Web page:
By: Crystal H. Thonrton-Illar, Esq.
The thought of declaring bankruptcy can be a confusing and scary process. Should you continue to use your credit cards and try to make the monthly minimum payments or should you just file for bankruptcy?
When faced with this decision, consider the following:
• Do you use credit cards to pay for necessities?
• Do you make only the minimum payments on your credit cards?
• Are you over or near the credit limit on your credit cards?
• Are you receiving calls from bill collectors?
• Do you feel overwhelmed by your debts?
• Are you considering taking money from a retirement account to pay debts?
• Have you been sued by a creditor?
• Are you considering debt consolidation?
If you answered yes to one or more of these questions, bankruptcy may be an option. You should assess your financial situation by reviewing all of your debts, assets, and income. Is there a reasonable possibility you could develop a plan to pay your debts by selling unnecessary assets and using your regular monthly income within the next few years? If the answer to that question is yes, you should develop a plan and attempt to pay your debts. Bankruptcy should always be the last resort. If the answer to that question is no, bankruptcy may be the right option for you.
Will Bankruptcy Help?
Even if you have determined that you cannot reasonably pay your debts, a bankruptcy may not help your financial situation. What type of debts do you have? If most of your debts are from student loans, child support, or income taxes, bankruptcy may not be the answer as these debts are not generally discharged or forgiven in bankruptcy. However, you may still want to consult with an experienced bankruptcy attorney in your state as there are exceptions to every rule.
Bankruptcy may be an option if your debts are mostly credit card debts, unsecured loans, and medical bills. In many cases, bankruptcy can completely eliminate all of those debts while you retain all of your assets. Bankruptcy can also help if you are facing a mortgage foreclosure or other law suit as filing a bankruptcy will generally stop those proceedings.
Should I File a Chapter 7 or a Chapter 13 Bankruptcy?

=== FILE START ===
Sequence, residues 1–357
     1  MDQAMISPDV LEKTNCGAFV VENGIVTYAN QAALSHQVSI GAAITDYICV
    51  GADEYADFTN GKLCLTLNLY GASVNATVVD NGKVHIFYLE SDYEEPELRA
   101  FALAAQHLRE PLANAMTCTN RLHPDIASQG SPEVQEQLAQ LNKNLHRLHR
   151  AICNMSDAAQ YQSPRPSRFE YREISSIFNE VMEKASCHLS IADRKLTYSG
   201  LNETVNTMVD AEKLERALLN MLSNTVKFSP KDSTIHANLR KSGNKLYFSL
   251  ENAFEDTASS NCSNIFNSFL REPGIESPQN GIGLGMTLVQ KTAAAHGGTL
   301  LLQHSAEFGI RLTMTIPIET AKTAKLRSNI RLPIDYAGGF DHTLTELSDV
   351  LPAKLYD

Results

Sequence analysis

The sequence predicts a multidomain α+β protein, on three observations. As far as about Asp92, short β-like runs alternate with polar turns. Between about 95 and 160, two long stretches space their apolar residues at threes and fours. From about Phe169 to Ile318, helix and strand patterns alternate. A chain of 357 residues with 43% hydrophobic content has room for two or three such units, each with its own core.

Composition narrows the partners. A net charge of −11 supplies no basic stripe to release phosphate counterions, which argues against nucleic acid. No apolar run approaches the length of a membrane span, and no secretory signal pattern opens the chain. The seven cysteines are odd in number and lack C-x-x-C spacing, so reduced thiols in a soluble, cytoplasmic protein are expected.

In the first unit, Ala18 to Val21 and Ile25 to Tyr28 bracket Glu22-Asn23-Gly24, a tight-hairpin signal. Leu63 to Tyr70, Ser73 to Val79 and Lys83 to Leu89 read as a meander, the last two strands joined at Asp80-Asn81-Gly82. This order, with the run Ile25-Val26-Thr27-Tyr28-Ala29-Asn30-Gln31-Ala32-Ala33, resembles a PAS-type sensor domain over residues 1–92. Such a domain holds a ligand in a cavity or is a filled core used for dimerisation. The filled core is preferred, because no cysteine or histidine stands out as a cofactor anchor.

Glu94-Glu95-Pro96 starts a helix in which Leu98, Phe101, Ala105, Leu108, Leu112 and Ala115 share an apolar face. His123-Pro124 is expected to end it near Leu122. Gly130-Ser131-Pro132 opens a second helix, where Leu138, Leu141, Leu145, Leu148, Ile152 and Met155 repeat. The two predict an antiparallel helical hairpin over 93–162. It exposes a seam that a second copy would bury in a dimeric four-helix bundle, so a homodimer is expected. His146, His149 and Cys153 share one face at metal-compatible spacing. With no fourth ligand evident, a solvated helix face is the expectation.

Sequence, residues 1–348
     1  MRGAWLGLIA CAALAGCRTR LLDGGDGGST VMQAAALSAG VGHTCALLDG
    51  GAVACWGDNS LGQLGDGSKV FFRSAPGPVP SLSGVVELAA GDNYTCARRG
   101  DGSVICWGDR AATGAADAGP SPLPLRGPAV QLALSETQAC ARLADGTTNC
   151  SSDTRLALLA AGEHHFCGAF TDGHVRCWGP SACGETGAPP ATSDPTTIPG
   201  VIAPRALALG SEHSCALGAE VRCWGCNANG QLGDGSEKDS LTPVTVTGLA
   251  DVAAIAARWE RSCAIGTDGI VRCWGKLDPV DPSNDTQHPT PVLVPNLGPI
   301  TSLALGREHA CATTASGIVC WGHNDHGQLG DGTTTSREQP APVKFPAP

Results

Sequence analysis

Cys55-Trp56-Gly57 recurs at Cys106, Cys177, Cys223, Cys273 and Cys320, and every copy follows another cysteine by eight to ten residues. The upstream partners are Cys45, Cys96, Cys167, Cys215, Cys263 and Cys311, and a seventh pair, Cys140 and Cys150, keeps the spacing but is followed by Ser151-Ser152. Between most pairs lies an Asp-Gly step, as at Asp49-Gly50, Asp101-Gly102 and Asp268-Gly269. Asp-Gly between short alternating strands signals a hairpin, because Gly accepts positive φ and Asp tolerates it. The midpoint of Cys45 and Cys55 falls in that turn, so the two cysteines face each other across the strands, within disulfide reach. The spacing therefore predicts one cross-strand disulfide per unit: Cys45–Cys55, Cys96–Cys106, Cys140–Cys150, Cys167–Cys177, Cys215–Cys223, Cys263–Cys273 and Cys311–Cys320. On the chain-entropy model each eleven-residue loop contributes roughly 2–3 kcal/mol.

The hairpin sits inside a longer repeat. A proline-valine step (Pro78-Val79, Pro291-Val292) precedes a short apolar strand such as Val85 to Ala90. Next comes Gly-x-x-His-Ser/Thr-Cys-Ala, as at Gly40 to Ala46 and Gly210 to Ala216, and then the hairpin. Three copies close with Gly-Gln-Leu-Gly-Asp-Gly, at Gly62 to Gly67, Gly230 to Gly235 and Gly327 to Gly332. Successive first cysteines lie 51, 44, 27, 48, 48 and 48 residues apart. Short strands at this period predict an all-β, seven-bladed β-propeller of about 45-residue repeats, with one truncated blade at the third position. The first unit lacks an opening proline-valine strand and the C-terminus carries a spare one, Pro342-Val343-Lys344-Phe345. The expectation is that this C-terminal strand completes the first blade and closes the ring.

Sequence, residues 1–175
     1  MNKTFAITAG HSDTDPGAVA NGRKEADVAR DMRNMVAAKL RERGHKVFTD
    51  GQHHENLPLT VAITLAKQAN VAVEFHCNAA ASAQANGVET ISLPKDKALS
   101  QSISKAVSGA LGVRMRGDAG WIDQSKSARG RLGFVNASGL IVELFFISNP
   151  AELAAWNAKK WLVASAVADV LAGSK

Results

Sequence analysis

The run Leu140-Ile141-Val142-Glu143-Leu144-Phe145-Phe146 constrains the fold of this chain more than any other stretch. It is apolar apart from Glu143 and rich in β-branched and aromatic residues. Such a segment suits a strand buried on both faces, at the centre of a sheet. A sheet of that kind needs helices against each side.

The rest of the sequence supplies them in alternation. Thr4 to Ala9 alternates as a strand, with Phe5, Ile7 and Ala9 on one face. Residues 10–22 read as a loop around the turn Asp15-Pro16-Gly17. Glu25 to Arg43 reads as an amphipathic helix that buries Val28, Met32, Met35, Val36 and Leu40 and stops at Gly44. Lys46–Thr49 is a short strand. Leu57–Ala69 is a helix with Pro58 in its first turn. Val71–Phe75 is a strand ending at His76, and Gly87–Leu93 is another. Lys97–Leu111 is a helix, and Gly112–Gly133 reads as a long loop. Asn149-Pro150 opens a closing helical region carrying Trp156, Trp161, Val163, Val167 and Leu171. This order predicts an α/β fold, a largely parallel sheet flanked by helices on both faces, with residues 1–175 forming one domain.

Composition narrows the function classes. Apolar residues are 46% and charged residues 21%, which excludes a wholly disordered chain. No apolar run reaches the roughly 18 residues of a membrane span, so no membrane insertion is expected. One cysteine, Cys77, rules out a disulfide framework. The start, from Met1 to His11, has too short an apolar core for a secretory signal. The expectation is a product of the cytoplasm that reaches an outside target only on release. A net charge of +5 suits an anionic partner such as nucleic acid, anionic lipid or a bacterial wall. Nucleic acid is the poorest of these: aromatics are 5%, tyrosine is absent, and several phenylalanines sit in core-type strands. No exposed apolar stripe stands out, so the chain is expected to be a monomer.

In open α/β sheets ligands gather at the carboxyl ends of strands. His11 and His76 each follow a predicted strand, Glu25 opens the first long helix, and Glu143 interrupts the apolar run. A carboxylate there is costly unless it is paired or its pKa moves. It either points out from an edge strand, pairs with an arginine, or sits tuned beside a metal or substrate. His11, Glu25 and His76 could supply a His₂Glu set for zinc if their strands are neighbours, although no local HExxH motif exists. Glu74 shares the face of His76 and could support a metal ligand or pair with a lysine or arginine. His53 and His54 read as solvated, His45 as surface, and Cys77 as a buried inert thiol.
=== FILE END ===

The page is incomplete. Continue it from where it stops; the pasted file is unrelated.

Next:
Individuals or consumers typically file chapter 7 or chapter 13 bankruptcies. The person filing the bankruptcy is known as the debtor. Chapter 7 bankruptcies are the most common, and typically an individual debtor will receive a discharge of all unsecured debts meaning those creditors can no longer sue the debtor on those debts. To qualify for a chapter 7 bankruptcy, the debtor’s income must fall below a certain threshold, which differs depending on where the debtor resides and the size of the debtor’s family.
A chapter 13 bankruptcy is generally for those individuals whose income does not fall below that threshold amount or for people who have fallen behind on their mortgage payments. A chapter 13 bankruptcy will allow a debtor to catch up on missed mortgage payments over a period of three to five years. Some debtors may also be able to reduce the balance of their vehicle loans in a chapter 13 bankruptcy and/or strip second and third liens from their houses depending on their circumstances.
Declaring bankruptcy is a huge financial step that should not be taken lightly. Anyone considering filing bankruptcy should consult with an experienced attorney in their state.
How Leech Tishman Can Help
If you think bankruptcy might be an option for you, Leech Tishman can help. Call us for a free consultation. We can discuss your situation and help you decide if bankruptcy is the right choice for you.